What is a Domain?

David, Max| 2013-12-31 Domain, Tutorials Comments( 0 )

A domain name locates an organization or other entity on the Internet. It helps users find your site. Just as businesses have street addresses, all websites have a domain name. If you have problems coming up with a domain you should read further about how to find a domain name.

Domain Syntax

The domain name mywebsite.com might translate to 198.102.434.8. This makes it much easier to remember a website's Uniform Resource Locator (URL).

E.G. The top-level domain for www.mywebsite.com belongs to the top-level domain com.

The hierarchy of domains descends from right to left; each label to the left specifies a subdivision, or subdomain of the domain to the right.

Above the example shows the specific a subdomain of the com domain, and www is a sub domain of mywebsite.com. This pyramid of subdivisions can have up to 127 levels.

Each label may contain up to 63 characters. The full domain name may not exceed the length of 253 characters in its textual representation.

A hostname is a domain name that has at least one IP address associated. E.G. The domain names www.mywebsite.com and mywebsite.com are also hostnames, whereas the com domain is not.

Top-Level Domains (TLD)

A top-level domain (TLD) is the last segment of the domain name refers to the suffix attached to Internet domain names.

The TLD is the letters immediately following the final dot in an Internet address. Current top-level domains include:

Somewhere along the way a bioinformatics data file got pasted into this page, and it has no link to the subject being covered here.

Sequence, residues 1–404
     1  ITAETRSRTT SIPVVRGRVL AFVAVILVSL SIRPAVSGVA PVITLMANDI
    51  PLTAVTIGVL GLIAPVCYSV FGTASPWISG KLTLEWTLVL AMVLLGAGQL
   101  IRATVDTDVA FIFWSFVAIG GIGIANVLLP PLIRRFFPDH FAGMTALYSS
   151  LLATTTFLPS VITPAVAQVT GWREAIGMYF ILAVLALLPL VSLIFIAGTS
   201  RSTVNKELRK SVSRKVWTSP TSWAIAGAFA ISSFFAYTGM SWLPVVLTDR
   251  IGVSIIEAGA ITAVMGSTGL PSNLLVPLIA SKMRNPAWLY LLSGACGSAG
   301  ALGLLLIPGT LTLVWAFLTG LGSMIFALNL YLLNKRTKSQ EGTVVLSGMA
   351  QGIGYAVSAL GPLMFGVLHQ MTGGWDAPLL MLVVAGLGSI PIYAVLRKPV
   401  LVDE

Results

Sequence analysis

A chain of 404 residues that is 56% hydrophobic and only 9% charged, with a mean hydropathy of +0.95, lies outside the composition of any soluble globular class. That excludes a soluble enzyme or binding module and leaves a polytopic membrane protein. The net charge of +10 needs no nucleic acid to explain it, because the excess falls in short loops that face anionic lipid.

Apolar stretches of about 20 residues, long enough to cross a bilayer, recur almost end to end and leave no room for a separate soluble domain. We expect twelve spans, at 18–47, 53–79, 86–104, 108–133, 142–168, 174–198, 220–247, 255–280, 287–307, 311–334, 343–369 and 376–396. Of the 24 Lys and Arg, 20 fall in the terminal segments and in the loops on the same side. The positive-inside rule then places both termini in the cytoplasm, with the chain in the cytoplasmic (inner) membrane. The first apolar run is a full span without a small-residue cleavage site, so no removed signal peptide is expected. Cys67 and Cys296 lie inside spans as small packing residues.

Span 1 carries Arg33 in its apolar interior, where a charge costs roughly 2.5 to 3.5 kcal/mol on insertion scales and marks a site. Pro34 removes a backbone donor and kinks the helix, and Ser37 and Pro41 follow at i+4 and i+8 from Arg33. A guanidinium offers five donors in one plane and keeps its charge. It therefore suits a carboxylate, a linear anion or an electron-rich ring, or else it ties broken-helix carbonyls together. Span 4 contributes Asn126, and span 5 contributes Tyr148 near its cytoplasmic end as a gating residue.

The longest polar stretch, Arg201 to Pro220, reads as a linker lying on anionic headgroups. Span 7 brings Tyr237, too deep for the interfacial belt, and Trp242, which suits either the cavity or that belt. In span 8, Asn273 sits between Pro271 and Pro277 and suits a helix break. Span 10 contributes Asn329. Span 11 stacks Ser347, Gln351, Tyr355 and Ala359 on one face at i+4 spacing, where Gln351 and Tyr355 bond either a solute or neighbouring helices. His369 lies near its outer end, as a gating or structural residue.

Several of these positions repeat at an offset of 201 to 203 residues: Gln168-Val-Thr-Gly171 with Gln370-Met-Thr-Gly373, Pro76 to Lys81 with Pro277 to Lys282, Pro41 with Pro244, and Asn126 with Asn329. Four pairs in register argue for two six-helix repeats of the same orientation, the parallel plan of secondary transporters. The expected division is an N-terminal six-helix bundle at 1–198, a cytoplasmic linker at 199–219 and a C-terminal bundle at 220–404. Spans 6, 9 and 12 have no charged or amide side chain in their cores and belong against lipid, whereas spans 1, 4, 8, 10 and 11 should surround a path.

• com - commercial businesses; this is the most common TLD
  • gov - U.S. government agencies
  • edu - Educational institutions such as universities
  • net - Network organizations
  • org - Organizations (mostly nonprofit)
  • mil - Military

Types of TLDs

  • Top-level domains, as recognized by ICANN, fall under the following categories.
  • Generic top-level domains (gTLD) -- These are the most common and familiar TLDs. Examples include "com" for "commercial" and "edu" for "educational." Most gTLDs are open for registration by anyone, but there is also a subgroup that is more strictly controlled.
  • Country-code top-level domains (ccTLD) -- Each ccTLD identifies generally used or reserved for a country, a sovereign state, or a dependent territory. The ccTLD for the United Kingdom e.g. .co.uk
  • Infrastructure top-level domain -- There is only one TLD in this group, ARPA (Address and Routing Parameter Area). The Internet Assigned Numbers Authority (IANA) manages this TLD for the IETF.
  • Sponsored top-level domains (sTLD): These are overseen by private organizations.

New TLDS

New generic Top-Level Domains (or gTLDs) will forever change the way you live online. Over the years demands for more gTLDs and ICANN has received many proposals for establishment of new top-level domains. For the latest new TLDS visitors can go to http://newgtlds.icann.org/en/

Add-on Domain

An addon domain is a fully functional domain that can be created from within your control panel. Just think of it as having multiple hosting packages that shares the same control panel.

When creating an Addon domain, three things will happen. Firstly a folder is created in the (public_html directory). Next a subdomain is created for primary domain attached to the new folder. Lastly, the new domain is associated with the subdomain.

Let’s look at the example below:

  • mysite.com/XYZ
  • XYZ.mysite.com
  • XYZ.com

As you can see 'mysite.com' - you assign the Addon Domain 'XYZ.mysite.com' to the folder 'XYZ' then the following routes (url) would be true. All of these paths (Above) can access the same directory and will display the same website.

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